SXSW Panel: Access TV - Old School Media Confronts New Tech

I submitted a proposal for a panel at the 2009 South by Southwest Interactive Festival called "Access TV: Old School Media Confronts New Tech."

The description of the panel is:

Access television has given voice to local issues since the 1970s. More recently, media consolidation, television demographics and new technologies have radically changed the media landscape. What will the technology-enabled public soapbox look like in the future, and will old school community media play a role?

It appears in the SXSW Panel Picker here: You can go there and vote for this panel (please! please!) as well as give any comments or feedback.

I posted a longer, detailed comment at the panel picker. Unfortunately, the formatting got a bit munged, so I'll reproduce it here:

Hi, I'm the proposer of this panel. Thanks for checking it out.

Sometimes it seems like there is a chasm between the people who produce traditional community media (cablecast access television and the like), and the people who produce new online media (podcasting, online video and such). This panel--a community media-focused panel at SXSW--seems like the ideal opportunity to bring those two worlds together. Maybe we'll even find a few pioneering souls who are working in both.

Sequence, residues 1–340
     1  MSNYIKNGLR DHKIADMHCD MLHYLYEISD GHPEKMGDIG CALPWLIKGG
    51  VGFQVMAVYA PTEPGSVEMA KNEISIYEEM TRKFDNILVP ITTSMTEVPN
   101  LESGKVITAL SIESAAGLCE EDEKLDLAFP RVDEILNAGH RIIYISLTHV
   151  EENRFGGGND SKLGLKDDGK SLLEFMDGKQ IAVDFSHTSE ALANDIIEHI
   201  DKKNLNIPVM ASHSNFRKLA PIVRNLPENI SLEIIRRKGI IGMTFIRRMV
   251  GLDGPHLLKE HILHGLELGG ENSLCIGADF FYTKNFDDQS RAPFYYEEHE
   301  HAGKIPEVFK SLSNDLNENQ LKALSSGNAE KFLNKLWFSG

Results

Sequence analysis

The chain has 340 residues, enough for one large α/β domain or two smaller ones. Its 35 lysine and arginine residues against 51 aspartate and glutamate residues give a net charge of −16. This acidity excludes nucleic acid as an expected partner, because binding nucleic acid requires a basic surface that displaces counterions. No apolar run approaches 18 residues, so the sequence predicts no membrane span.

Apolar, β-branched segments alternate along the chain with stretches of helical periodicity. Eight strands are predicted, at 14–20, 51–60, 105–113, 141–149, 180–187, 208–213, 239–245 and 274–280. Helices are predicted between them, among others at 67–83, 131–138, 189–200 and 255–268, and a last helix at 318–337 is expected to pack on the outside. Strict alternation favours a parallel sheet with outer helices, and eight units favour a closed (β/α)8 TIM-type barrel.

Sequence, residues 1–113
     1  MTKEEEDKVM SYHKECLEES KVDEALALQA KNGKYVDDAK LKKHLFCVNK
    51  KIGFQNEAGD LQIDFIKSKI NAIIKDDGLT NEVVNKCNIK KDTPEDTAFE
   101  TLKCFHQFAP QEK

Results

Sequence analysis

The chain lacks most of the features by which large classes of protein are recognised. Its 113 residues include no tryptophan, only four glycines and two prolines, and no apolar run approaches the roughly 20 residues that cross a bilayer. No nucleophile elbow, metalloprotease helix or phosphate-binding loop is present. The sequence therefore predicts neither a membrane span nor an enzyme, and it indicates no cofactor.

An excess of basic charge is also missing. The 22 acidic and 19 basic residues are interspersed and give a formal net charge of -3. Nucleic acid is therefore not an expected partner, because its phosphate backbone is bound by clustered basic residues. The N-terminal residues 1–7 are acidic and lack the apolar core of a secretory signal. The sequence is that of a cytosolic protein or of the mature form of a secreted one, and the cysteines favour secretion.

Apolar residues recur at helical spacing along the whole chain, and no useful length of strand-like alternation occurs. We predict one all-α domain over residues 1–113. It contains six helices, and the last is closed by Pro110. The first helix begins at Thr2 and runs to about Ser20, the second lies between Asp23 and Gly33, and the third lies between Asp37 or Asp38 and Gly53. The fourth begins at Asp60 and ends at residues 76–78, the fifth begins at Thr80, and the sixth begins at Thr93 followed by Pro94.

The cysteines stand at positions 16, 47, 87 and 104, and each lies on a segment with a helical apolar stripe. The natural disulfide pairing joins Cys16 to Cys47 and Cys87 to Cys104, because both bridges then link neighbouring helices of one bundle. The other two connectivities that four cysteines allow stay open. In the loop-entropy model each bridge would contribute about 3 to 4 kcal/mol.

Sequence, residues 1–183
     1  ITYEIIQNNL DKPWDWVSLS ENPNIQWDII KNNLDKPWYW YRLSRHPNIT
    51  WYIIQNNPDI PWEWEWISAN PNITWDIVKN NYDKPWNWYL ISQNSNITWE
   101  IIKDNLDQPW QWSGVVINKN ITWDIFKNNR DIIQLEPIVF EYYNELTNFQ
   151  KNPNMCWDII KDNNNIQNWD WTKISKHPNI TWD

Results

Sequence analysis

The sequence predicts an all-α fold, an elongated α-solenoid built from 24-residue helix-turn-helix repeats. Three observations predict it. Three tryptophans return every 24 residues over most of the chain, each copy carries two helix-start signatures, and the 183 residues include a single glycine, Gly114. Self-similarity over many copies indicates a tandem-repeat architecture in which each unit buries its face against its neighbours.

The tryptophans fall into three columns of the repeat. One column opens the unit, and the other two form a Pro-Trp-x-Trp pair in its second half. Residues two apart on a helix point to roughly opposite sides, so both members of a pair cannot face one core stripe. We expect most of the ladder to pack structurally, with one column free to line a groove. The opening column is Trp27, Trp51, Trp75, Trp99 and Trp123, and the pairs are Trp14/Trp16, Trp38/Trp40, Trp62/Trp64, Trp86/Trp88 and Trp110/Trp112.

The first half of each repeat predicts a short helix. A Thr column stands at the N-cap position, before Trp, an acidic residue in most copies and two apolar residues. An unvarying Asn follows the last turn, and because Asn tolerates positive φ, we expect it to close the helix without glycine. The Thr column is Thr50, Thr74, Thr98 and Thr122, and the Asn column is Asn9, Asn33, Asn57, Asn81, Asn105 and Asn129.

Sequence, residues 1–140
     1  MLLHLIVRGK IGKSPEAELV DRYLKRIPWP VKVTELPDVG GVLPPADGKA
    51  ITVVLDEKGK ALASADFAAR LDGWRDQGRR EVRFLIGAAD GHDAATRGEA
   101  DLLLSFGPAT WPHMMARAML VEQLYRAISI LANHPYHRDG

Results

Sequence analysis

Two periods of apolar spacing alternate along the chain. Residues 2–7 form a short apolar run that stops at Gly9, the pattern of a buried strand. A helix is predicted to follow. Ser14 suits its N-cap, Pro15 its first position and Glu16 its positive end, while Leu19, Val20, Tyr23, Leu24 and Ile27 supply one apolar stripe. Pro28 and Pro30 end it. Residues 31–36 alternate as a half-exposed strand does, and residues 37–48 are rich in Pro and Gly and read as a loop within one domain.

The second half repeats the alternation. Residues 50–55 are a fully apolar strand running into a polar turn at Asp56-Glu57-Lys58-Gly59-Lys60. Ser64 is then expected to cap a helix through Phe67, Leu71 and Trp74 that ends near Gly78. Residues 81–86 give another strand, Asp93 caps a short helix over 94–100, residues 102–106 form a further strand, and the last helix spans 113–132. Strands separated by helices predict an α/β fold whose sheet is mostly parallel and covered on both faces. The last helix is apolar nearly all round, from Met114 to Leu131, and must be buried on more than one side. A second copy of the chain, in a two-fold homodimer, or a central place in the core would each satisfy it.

It will be interesting to compare the challenges and opportunities of each realm--possibly synthesize some strategy that effectively spans both worlds.

The sort of people who I hope will attend are:

  • Online media producers who are interested in connecting with local audiences with traditional community media.
  • Access television producers, zine writers, and the like who want to take advantage of electronic media to extend their reach and audience.
  • Public policy and interest wonks, who can help understand the impact of issues such as net neutrality, telecom deregulation, and the like.

I've got some excellent people who have offered to assist me in preparing this panel, and, I hope, will be able to serve as panelists.

Dr. Laura Stein is a professor in the Radio-Television-Film department in the University of Texas at Austin. She has some keen insights in media policy issues. (

Linda Litowsky is the executive director of Channel Austin, the non-profit that manages the public access television studio and channels for the City of Austin. ( She also is a member of the board of directors of the Alliance for Community Media. (

So, if this sounds interesting to you, please show us some panel picker love. Moreover, please leave any comments you may have with suggestions or direction.

If you think this might be valuable, please visit the SXSW Panel Picker and vote for this proposal.


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